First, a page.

# Lập Trình C# all Chap "NUMERICAL RECIPES IN C" part 49

Chia sẻ: Asdsadasd 1231qwdq | Ngày: | Loại File: PDF | Số trang:1

0
17
lượt xem
3

## Lập Trình C# all Chap "NUMERICAL RECIPES IN C" part 49

Mô tả tài liệu
Download Vui lòng tải xuống để xem tài liệu đầy đủ

Tham khảo tài liệu 'lập trình c# all chap "numerical recipes in c" part 49', công nghệ thông tin phục vụ nhu cầu học tập, nghiên cứu và làm việc hiệu quả

Chủ đề:

Bình luận(0)

Lưu

## Nội dung Text: Lập Trình C# all Chap "NUMERICAL RECIPES IN C" part 49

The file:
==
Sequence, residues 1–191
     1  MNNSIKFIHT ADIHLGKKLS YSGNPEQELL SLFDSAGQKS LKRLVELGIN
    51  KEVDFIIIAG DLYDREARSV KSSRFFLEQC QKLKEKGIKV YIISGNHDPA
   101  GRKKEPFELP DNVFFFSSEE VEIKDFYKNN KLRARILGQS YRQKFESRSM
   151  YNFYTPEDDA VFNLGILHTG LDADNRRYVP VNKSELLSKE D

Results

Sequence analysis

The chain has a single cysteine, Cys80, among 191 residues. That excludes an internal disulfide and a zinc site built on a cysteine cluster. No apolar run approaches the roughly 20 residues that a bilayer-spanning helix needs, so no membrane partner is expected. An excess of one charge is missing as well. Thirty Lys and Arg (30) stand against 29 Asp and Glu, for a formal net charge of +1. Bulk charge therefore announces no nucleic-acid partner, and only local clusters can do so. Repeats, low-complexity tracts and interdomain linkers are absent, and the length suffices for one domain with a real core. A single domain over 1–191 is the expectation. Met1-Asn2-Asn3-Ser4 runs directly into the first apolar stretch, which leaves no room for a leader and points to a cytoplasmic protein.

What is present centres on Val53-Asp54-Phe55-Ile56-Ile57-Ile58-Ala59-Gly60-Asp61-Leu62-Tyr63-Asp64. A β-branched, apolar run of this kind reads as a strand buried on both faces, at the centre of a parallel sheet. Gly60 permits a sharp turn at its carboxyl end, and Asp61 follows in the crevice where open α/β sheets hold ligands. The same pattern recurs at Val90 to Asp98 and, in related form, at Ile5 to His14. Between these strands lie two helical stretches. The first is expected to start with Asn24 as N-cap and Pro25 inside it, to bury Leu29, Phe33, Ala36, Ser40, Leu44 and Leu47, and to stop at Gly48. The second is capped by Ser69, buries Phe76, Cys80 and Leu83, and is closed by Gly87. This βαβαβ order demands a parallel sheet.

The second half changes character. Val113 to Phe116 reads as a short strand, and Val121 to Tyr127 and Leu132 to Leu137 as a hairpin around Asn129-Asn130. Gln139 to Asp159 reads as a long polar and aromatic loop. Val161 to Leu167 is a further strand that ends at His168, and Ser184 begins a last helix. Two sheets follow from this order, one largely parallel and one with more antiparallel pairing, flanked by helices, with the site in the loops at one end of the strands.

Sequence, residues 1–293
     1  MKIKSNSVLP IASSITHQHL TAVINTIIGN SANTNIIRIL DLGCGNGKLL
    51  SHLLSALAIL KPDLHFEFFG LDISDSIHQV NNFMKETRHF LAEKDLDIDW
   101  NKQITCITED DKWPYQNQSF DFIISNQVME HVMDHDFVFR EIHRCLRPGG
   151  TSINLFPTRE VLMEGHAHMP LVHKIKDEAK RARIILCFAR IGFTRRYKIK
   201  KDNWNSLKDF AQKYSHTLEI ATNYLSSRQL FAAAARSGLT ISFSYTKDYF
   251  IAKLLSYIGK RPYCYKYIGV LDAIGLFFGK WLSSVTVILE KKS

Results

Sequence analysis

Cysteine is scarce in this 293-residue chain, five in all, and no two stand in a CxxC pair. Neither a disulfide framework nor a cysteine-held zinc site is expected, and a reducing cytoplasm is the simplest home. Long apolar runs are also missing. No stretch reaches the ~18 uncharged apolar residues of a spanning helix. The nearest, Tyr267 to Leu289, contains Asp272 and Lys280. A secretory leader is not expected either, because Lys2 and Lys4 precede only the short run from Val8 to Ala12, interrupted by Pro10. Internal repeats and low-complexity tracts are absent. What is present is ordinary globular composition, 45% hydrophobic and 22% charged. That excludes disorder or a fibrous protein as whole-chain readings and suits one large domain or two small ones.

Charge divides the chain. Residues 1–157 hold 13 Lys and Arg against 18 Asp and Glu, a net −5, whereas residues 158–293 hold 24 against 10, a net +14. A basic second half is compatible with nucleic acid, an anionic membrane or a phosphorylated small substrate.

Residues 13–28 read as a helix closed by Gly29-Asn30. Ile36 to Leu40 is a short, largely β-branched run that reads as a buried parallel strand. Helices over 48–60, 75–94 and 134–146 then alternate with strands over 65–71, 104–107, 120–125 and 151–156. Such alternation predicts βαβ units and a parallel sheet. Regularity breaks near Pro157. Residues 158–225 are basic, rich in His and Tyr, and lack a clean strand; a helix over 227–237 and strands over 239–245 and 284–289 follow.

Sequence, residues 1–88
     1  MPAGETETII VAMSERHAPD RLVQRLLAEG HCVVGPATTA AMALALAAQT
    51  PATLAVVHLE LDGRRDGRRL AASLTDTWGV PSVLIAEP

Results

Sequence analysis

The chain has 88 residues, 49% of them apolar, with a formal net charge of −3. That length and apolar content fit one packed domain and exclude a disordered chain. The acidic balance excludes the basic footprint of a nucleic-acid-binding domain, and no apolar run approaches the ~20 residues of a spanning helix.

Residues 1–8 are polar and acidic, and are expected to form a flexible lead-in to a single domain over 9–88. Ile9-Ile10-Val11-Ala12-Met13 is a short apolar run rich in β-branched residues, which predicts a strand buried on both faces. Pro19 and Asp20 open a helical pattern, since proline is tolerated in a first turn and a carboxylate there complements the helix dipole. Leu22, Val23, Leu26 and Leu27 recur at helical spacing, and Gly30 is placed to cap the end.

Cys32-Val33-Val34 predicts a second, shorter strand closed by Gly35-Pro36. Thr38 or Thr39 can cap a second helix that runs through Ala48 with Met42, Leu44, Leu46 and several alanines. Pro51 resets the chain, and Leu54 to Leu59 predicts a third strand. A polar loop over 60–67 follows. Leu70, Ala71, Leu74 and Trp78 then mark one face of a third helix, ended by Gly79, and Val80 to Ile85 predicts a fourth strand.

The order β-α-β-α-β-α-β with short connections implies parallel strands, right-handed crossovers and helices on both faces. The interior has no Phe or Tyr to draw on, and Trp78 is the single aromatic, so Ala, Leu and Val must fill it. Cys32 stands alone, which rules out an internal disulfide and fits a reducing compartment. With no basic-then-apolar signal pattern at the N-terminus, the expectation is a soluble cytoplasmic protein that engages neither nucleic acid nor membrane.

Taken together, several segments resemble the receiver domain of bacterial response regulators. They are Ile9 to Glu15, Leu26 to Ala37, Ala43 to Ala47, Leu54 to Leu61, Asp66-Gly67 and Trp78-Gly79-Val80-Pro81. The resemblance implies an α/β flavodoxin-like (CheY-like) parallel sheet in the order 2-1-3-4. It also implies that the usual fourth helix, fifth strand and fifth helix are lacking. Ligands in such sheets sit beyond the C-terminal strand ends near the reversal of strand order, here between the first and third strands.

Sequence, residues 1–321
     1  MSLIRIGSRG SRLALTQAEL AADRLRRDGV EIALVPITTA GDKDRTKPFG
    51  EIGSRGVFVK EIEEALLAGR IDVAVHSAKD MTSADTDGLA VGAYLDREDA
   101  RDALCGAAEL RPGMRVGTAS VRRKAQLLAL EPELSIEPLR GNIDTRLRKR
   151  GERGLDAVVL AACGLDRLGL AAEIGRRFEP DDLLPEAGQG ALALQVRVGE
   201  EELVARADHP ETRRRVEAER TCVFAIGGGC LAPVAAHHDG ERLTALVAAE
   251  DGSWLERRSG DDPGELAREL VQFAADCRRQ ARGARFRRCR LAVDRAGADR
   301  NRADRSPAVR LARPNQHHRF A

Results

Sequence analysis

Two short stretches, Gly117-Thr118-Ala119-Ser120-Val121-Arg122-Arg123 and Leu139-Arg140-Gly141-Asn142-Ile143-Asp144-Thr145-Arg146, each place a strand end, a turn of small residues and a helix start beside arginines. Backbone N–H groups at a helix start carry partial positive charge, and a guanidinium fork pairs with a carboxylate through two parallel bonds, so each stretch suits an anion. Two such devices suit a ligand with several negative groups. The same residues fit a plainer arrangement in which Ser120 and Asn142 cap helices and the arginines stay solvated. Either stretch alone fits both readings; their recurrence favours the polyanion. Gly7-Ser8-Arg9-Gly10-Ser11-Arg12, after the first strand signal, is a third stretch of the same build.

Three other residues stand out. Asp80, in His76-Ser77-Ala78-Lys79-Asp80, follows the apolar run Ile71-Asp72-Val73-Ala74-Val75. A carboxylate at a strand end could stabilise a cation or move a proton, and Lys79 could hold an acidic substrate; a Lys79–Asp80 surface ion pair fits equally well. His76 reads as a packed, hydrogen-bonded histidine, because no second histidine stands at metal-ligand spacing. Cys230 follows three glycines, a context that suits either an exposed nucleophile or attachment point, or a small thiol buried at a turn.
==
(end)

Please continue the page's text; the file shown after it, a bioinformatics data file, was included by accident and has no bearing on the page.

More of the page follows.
1. visit website http://www.nr.com or call 1-800-872-7423 (North America only),or send email to trade@cup.cam.ac.uk (outside North America). readable files (including this one) to any servercomputer, is strictly prohibited. To order Numerical Recipes books,diskettes, or CDROMs Permission is granted for internet users to make one paper copy for their own personal use. Further reproduction, or any copying of machine- Copyright (C) 1988-1992 by Cambridge University Press.Programs Copyright (C) 1988-1992 by Numerical Recipes Software. Sample page from NUMERICAL RECIPES IN C: THE ART OF SCIENTIFIC COMPUTING (ISBN 0-521-43108-5) Chapter 5. Evaluation of Functions 5.0 Introduction The purpose of this chapter is to acquaint you with a selection of the techniques that are frequently used in evaluating functions. In Chapter 6, we will apply and illustrate these techniques by giving routines for a variety of speciﬁc functions. The purposes of this chapter and the next are thus mostly in harmony, but there is nevertheless some tension between them: Routines that are clearest and most illustrative of the general techniques of this chapter are not always the methods of choice for a particular special function. By comparing this chapter to the next one, you should get some idea of the balance between “general” and “special” methods that occurs in practice. Insofar as that balance favors general methods, this chapter should give you ideas about how to write your own routine for the evaluation of a function which, while “special” to you, is not so special as to be included in Chapter 6 or the standard program libraries. CITED REFERENCES AND FURTHER READING: Fike, C.T. 1968, Computer Evaluation of Mathematical Functions (Englewood Cliffs, NJ: Prentice- Hall). Lanczos, C. 1956, Applied Analysis; reprinted 1988 (New York: Dover), Chapter 7. 5.1 Series and Their Convergence Everybody knows that an analytic function can be expanded in the neighborhood of a point x0 in a power series, ∞ f(x) = ak (x − x0 )k (5.1.1) k=0 Such series are straightforward to evaluate. You don’t, of course, evaluate the kth power of x − x0 ab initio for each term; rather you keep the k − 1st power and update it with a multiply. Similarly, the form of the coefﬁcients a is often such as to make use of previous work: Terms like k! or (2k)! can be updated in a multiply or two. 165